The riders rolled past a stage backed by towering, metal grain bins, draped in American and Iowa flags.
“Rev your engines if you love Joni Ernst,” Iowa GOP Chairman Jeff Kauffman shouted from the stage, prompting a roar from the motorcyclists.
Iowa Sen. Joni Ernst is leading a procession of motorcycle riders through central Iowa to her annual summer fundraising barbecue, where Vice President Mike Pence is scheduled to speak.
Pence wasn’t expected in Iowa until Saturday afternoon.
Vice President Mike Pence is heading to Iowa to buck up the influential Christian right in that state. But it seems to be his boss who has work to do to satisfy the disproportionately powerful group there.
Retired nurse Kay Quirk says she’s still waiting “to see a conservative agenda put forward.” She and other Iowa conservatives say they’re bothered that Trump hasn’t delivered on the promise to repeal Obama’s health care law.
And Pastor Mike Demastus said Trump hasn’t “moved the needle one notch” on moral issues. He’s disappointed by the president’s decision to keep U.S. Embassy in Israel in Tel Aviv, for now, rather than moving it to Jerusalem, as Trump promised during his 2016 campaign.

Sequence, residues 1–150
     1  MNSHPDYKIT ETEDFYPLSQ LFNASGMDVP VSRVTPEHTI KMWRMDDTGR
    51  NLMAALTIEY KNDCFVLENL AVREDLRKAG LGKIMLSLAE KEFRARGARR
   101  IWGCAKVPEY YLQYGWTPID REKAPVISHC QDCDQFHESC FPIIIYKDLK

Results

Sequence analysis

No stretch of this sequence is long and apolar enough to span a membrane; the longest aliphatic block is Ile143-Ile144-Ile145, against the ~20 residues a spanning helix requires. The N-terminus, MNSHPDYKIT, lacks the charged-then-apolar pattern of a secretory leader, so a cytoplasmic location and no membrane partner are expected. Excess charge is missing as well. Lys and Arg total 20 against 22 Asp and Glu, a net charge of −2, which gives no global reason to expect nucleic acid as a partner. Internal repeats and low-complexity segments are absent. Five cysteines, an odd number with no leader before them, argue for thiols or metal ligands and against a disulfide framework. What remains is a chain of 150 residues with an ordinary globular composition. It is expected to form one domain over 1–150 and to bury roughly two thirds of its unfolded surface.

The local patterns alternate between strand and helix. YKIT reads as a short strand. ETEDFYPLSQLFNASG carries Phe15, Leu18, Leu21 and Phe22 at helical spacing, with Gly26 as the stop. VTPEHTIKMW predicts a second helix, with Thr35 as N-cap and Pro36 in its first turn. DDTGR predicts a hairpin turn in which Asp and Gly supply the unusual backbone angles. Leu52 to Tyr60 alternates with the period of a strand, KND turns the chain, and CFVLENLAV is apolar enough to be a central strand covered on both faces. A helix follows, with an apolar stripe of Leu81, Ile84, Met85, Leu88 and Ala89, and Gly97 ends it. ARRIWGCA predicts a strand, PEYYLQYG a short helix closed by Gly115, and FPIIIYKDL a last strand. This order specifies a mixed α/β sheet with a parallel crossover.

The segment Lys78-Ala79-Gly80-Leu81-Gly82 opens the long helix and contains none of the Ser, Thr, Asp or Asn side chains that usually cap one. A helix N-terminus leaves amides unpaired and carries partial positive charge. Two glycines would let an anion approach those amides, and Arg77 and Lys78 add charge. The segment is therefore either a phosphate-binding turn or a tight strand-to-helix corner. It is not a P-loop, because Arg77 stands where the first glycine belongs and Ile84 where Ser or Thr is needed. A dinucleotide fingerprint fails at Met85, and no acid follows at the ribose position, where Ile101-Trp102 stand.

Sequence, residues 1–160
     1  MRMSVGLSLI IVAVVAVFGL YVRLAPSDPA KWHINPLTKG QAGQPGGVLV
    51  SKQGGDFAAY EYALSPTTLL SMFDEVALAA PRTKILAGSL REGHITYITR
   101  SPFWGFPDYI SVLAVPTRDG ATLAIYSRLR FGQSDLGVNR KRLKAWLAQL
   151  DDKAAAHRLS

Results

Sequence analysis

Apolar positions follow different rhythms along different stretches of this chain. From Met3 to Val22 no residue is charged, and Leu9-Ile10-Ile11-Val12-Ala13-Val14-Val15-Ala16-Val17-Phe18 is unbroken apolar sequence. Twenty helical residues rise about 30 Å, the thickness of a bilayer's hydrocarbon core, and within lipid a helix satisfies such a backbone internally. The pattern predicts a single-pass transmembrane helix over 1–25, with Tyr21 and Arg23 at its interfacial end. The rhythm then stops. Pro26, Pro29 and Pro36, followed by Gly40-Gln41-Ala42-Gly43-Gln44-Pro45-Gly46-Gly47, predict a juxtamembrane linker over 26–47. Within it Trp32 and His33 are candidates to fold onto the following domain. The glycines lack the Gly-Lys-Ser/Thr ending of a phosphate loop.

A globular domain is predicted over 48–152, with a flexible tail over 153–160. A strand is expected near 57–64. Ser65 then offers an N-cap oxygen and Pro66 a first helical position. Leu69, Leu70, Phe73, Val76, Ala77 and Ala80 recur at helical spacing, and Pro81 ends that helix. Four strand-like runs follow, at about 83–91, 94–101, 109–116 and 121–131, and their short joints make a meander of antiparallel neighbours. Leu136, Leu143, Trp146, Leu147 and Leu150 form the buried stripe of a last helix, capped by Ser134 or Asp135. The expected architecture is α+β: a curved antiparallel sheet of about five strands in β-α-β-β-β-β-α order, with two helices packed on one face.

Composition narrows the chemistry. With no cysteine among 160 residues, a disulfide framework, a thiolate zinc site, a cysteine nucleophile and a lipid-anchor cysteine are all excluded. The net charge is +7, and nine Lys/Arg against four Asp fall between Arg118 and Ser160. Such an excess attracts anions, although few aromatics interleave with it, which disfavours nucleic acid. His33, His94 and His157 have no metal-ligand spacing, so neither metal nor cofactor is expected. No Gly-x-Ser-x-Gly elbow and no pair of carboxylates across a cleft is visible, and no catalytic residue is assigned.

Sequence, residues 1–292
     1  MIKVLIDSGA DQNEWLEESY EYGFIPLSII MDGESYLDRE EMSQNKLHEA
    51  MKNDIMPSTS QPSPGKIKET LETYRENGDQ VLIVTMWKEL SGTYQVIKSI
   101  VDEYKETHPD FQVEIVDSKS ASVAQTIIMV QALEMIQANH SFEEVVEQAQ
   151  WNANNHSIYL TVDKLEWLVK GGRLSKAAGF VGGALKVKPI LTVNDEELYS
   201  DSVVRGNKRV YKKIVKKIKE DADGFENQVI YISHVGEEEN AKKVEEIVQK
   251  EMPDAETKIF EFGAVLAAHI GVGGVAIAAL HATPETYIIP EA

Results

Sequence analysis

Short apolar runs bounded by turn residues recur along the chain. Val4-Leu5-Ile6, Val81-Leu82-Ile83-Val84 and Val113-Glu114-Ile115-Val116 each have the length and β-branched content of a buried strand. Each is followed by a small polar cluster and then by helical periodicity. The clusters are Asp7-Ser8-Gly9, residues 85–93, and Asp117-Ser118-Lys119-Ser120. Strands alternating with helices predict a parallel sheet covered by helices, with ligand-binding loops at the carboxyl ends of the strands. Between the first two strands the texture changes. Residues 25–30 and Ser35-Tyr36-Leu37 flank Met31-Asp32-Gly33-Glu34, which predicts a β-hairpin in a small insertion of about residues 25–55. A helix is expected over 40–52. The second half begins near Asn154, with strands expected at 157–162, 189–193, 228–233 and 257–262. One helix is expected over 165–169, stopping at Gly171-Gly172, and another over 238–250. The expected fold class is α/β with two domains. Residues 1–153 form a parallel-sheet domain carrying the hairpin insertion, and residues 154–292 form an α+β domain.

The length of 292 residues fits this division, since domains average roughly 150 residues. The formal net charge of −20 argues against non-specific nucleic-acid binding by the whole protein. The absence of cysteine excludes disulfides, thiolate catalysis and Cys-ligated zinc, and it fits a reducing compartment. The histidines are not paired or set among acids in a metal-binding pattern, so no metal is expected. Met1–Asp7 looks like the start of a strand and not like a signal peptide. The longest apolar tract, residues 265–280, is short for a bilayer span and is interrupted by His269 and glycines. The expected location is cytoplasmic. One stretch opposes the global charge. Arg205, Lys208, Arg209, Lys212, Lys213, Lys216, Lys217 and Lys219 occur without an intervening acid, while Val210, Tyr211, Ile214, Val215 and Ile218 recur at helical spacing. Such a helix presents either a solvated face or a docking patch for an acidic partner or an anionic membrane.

Vice President Mike Pence is trying to solidify the Republican base in Iowa, where some conservatives are cool to President Donald Trump and party leaders say he’s being undermined from within.
Headlining Sen. Joni Ernst’s annual summer fundraiser, Pence will promote steady job numbers under Trump, who campaigned last year on promises of economic growth.
But it’s Pence’s boss who has more work to do to satisfy Iowa’s disproportionately influential Christian right, despite carrying Iowa in the 2016 election after Democrat Barack Obama won there in 2008 and 2012.
The vast majority of Iowa Republicans approve of the job Trump is doing. However, some emerging Republican national prospects have accepted invitations from party leaders this year to visit Iowa, host of the leadoff presidential nominating caucuses.